object, as in Number Guessing Game Lab, except this time it is
important not to make the Random
object be a local variable inside
the Flip
function: A new Random
object in likely
initialized using the current time. The Flip
function has no interaction
with the user,
so it can be repeated very quickly, and new Random
objects
may not register a new value
through several reruns of Flip
. This would give the same answer,
and be completely contrary to the idea of random results!
Hence it is generally a good idea to only create a single Random
object
that stays in scope for the whole program.
One way to do that is to make it static. Place the declaration
static Random r = new Random();
inside your class but outside of any function, positioned like the static constants discussed in Static Variables.
Then you can use r
in any function in your class.
For int
variables low
and higher
, with low < higher
:
int n = r.Next(low, higher);
returns a (pseudo) random int
, satisfying low <= n < higher
.
If you select low
and higher
as 0 and 2,
so there are only two possible values for n,
then you can choose to print Heads
or Tails
with an
if
else
statement based on the result.
Warning
We have discovered some problems with the Next()
implementation
when running on Mono that sometimes results in random values not
being generated. This is likely a bug that will be fixed. If you
experience any problems with Next()
, the following is for you!
An alternative to generating random 0 and 1 values for heads and tails
is to generate random doubleprecision values. Using the same
variable, r
, you can call r.NextDouble()
to get a random value
between 0 and 1. You can consider any generated value \(n < 0.5\) to
be heads; \(n >= 0.5\) represents tails:
double n = r.NextDouble();
if (n < 0.5) {
// heads
} else {
// tails
}
In your Main
method have a for
loop calling Flip()
10 times to test it, so you generate a random sequence of
10 heads and/or tails. With these 10 rapid calls, it is important
that a new Random object is only created once. The suggested static
variable declaration ensures that.
Group Flips Exercise
Write a program format_flips.cs
. It should include the function Flip()
and the static
Random
declaration
from the last exercise. Also include another function:
/// Print out the results from the total number of random flips of a coin.
/// Group them groupSize per line, each followed by a space.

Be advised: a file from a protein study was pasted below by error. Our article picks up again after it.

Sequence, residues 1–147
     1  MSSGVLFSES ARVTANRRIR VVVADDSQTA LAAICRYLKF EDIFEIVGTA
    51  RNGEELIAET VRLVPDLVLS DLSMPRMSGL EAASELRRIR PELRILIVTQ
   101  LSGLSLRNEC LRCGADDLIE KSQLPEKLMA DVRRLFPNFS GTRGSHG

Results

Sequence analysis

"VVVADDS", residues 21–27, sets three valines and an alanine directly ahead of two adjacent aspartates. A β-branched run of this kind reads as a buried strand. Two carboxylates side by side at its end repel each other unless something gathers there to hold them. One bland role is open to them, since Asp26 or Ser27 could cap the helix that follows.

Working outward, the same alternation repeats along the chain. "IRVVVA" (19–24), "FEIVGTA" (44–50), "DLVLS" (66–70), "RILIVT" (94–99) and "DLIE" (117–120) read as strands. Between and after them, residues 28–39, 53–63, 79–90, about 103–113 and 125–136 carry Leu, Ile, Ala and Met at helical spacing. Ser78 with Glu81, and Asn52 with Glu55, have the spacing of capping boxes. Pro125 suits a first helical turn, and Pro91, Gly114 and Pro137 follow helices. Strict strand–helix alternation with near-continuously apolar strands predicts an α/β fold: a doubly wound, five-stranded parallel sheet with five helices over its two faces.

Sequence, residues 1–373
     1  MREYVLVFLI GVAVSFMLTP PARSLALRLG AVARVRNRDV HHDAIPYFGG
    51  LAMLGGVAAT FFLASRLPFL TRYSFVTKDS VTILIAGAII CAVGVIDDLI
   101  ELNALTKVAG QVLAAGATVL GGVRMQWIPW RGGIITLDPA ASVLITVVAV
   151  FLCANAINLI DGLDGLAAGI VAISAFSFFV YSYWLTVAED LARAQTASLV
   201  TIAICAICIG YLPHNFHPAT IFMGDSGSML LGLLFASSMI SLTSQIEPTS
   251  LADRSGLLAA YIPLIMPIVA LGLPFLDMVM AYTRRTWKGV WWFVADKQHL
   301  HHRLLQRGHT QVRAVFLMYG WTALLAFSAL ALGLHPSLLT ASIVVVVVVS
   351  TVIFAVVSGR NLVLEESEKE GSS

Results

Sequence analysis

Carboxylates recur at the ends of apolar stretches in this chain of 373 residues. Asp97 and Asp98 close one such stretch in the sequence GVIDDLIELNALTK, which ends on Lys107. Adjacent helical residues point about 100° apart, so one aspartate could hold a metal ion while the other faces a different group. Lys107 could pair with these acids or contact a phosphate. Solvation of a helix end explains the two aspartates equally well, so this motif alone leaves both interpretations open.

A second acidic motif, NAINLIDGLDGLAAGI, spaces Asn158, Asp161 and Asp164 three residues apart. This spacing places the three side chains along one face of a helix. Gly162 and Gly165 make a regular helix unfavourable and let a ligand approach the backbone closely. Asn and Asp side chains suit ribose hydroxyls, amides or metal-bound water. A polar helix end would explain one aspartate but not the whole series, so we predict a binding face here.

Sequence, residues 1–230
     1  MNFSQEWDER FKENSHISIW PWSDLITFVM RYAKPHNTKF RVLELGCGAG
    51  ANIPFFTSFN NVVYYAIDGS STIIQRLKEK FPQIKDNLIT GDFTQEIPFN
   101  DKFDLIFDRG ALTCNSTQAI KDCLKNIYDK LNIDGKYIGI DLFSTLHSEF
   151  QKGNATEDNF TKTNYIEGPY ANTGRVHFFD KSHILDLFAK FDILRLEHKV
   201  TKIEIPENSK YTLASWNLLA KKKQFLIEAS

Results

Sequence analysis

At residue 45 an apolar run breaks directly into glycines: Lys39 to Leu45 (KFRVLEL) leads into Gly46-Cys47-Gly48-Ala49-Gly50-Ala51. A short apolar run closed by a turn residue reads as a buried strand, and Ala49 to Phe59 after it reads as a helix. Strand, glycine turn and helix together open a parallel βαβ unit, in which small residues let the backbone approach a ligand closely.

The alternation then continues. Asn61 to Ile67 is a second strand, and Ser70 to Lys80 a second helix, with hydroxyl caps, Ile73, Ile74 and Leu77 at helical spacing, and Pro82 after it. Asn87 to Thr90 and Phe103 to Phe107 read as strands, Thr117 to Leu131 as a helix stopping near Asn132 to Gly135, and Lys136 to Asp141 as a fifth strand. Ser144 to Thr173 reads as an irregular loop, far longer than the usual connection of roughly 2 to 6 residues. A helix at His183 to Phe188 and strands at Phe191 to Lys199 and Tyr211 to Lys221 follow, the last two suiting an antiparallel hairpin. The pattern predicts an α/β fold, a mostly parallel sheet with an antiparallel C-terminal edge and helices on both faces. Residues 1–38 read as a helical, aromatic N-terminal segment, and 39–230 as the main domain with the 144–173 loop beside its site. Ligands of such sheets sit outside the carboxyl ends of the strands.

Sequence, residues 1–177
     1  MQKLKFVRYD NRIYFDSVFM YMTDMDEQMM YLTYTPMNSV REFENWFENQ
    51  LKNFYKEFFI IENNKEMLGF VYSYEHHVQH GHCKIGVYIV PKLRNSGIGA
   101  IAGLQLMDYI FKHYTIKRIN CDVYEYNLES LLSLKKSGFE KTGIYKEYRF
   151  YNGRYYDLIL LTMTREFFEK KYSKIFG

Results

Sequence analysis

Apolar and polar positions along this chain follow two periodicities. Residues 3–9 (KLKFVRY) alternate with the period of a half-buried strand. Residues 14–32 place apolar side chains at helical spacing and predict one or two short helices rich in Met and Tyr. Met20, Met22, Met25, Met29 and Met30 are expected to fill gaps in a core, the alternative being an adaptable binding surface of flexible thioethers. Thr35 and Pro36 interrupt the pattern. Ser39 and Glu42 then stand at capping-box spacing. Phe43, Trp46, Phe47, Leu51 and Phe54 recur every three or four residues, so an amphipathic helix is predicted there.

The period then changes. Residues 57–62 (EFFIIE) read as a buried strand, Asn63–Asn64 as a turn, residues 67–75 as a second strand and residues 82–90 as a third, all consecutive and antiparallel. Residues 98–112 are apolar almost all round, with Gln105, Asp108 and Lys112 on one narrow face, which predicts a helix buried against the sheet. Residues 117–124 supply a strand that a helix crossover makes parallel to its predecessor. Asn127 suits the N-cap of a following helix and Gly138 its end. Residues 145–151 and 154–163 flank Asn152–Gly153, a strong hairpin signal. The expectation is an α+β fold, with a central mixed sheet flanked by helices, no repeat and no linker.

/// The last line may contain fewer than groupSize flips
/// if total is not a multiple of groupSize. The last line
/// should be followed by exactly one newline in all cases.
/// For example, GroupFlips(10, 4) *could* produce:
/// Heads Heads Tails Heads
/// Heads Tails Heads Tails
/// Tails Tails
static void GroupFlips(int total, int groupSize)
Complete this function definition and test
with a variety of calls to GroupFlips
in Main
.
The output from the previous exercise would be produced by the call:
GroupFlips(10, 1);
Reverse String foreach
Exercise
We already have discussed Reversed String Returned.
It used a for
loop to go through the characters in
reverse order. Write a version with the only loop heading:
foreach(char ch in s) {
and no reference to indices in s.
Only Letters Exercise
Write a program that defines and tests a function with description and heading:
/// Return s with all nonletters removed.
/// For example OnlyLetters("Hello, World!") returns "HelloWorld".
static string OnlyLetters(string s)
Assume the English alphabet.
Palindrome Exercise
Write a program palindrome.cs
that defines and tests a function with
description and heading:
/// Return true when s is a palindrome.
/// For example IsPalindrome("A Toyota!") returns true.
static bool IsPalindrome(string s)
A palindrome is a string that contains the same sequence of letters, ignoring capitalization, forward and backward. Nonletters are ignored. Examples are “Madam, I’m Adam.” and “Able was I ‘ere I saw Elba.”
IsPalindrome
can be written very concisely by copying and using
functions from previous exercises.
Nested Play Computer Exercise
Predict what these code fragments print. Then check yourself in csharp:
for (int i = 3; i > 0; i) {
for (int j = i; j < 4; j++) {
Console.Write(j);
}
Console.WriteLine();
}
string s = "abcdef";
for (int i = 1; i < s.Length; i += 2) {
for (int k = 0; k < i; k++) {
Console.Write(s[i]);
}
}
Power Table Exercise
Write a program
power_table.cs
that completes and tests the function with this heading. Be sure your program tests with several values for each parameter:/// Print a table of powers of positive integers. /// Assume 1 <= nMax <= 12, 1 <= powerMax <= 7. /// Example: output of PowerTable(3, 4) /// n^1 n^2 n^3 n^4 /// 1 1 1 1 /// 2 4 8 16 /// 3 9 27 81 /// public static void PowerTable(int nMax, int powerMax)
Make sure the table always ends up with rightjustified columns.
Make the table have columns all the same width, but make the width be as small as possible for the parameters provided, leaving a minimal one space (but not less!) between columns somewhere in the table. Consider heading widths, too.